My current project doesn't require any of these techniques, but I look forward to some downtime to try them out. I highly recommend this book!

Friday, May 8, 2015

1920s Day at the Races

The other weekend I attended the Point to Point Races at Winterthur in Delaware. OODLES of fun! Everyone was super friendly, the grounds are beautiful, and there was something to entertain you every time you turned around.

I decided to make a 1920s ensemble for this event for no other reason than I really wanted to use the bonsai bridge fabric from Joann's for something. ANYTHING. I had been stalking this fabric at the store for some time, certain that sooner or later I'd think of a project for it. Then about a year ago I ordered Decades of Style 1920s Tulip Kimono, the 1925 Zig Zag dress and the Foxtrot bag (which I ended up not making). So fabic I loved + patterns + event = finally doing it.

Normally I find cloches in every store at every time of the year, but because I was on the hunt for a simple black one, there were none to be had. A quick etsy search lead me to Elsewhenmillinery where I ordered the Madeline cloche pattern.

I channeled my inner Miss Fisher and was really pleased with the results. It ended up being quite warm that day (cotton and linen for the win!), and I could have gotten away with not wearing the coat. But I loved it so much I wanted to have it on anyway.

Here I am with Madame Modiste 
(who allowed me to call her Aunty Prudence all day) 

Parasols were a MUST!
TIME: My entire project (the coat, dress and hat) took a total of 14 hours.
1920s Tulip Kimono: When I tell you the coat just fell together I mean it. It's an amazing pattern and I'm looking forward to making another when the right inspiration hits. Seriously, I have nothing but pure love for this coat.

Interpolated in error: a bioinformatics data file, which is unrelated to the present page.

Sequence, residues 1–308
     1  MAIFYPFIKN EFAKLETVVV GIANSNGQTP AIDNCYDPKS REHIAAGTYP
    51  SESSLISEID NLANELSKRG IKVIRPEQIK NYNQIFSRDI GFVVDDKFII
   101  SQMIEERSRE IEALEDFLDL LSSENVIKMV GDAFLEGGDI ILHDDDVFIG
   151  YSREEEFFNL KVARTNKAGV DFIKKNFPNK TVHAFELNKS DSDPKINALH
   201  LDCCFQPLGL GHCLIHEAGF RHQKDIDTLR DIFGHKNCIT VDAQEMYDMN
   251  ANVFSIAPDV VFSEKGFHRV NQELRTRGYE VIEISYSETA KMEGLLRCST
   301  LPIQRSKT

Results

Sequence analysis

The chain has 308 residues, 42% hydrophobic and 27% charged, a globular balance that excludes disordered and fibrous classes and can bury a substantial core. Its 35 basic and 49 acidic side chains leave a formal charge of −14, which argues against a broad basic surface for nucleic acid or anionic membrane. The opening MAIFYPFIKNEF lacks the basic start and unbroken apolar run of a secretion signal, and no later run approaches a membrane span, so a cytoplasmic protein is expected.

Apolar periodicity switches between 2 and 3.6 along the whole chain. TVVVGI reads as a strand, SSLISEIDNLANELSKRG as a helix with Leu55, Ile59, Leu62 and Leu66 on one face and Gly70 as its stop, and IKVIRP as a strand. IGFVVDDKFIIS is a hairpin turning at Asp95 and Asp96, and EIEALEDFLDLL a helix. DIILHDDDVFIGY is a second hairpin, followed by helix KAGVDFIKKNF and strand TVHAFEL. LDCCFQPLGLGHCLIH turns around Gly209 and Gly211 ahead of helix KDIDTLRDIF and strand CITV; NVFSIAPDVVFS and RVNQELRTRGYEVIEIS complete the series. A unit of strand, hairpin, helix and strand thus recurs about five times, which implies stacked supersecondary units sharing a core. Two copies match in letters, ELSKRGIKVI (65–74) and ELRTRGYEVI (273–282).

1925 Zig Zag Dress: Deceptively simple looking. I decided to pipe the gores and the zig zag detail around the waistline. It was tricky going. Attaching the goes to the upper portion of the dress took lots and lots of pining. The pattern calls for the lower portion to be attached to the top by hand. I found that since I did the piping I could machine sew it on using the piping as a cover for the stitches. Otherwise they would have been visible. Had I not done piping I would have sewn it on by hand. Another great pattern by Decades of Style. I really look forward to using more of their stuff.
Madeline hat: A pleasant surprise! The pattern requires you to add the seam allowance, which normally sends all sort of red flags off for me (I couldn't tell you why!). The pattern also come with 53 steps which at first was terrifying. The instructions are EXTREMELY detailed. I found that the pattern maker included a lot of steps that most leave off. To some it may seem unnecessary, but others might appreciate all the insider hints and tips. I was very happy with how my hat turned out and will gladly buy from this seller again.
ALTERATIONS: Absolutely none. The Decades of Style patterns are just.frigging.perfect.

EASE OF INSTRUCTIONS: Instructions for the Decades of Style patterns were wonderful. I didn't come across anything that confused me or didn't make sense. The hat pattern was extremely detailed, but still easy to follow.
Strolling about was so easy in 20s wear.


Thursday, March 5, 2015

Nehelenia Patterns: 1790s Redingote Pattern

This outfit was made using Nehelenia Patterns 1790s Redingote pattern, Wingeo #126 for hip and butt additions and a modified cloak pattern (I only had enough excess fabric after making the redingote to sort of cobble together a cloak; so I don't feel comfortable enough to review the cloak pattern itself).